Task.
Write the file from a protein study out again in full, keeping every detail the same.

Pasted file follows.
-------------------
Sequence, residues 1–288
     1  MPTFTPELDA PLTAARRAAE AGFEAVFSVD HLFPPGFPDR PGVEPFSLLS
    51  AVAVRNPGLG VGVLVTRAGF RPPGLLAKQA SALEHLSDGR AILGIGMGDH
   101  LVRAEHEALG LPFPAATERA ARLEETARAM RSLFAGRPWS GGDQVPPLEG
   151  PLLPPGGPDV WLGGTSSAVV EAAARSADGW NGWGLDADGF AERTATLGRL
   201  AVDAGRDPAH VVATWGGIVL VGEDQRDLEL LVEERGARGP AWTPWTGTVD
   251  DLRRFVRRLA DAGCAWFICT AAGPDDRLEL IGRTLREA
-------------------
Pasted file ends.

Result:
Sequence, residues 1–288
     1  MPTFTPELDA PLTAARRAAE AGFEAVFSVD HLFPPGFPDR PGVEPFSLLS
    51  AVAVRNPGLG VGVLVTRAGF RPPGLLAKQA SALEHLSDGR AILGIGMGDH
   101  LVRAEHEALG LPFPAATERA ARLEETARAM RSLFAGRPWS GGDQVPPLEG
   151  PLLPPGGPDV WLGGTSSAVV EAAARSADGW NGWGLDADGF AERTATLGRL
   201  AVDAGRDPAH VVATWGGIVL VGEDQRDLEL LVEERGARGP AWTPWTGTVD
   251  DLRRFVRRLA DAGCAWFICT AAGPDDRLEL IGRTLREA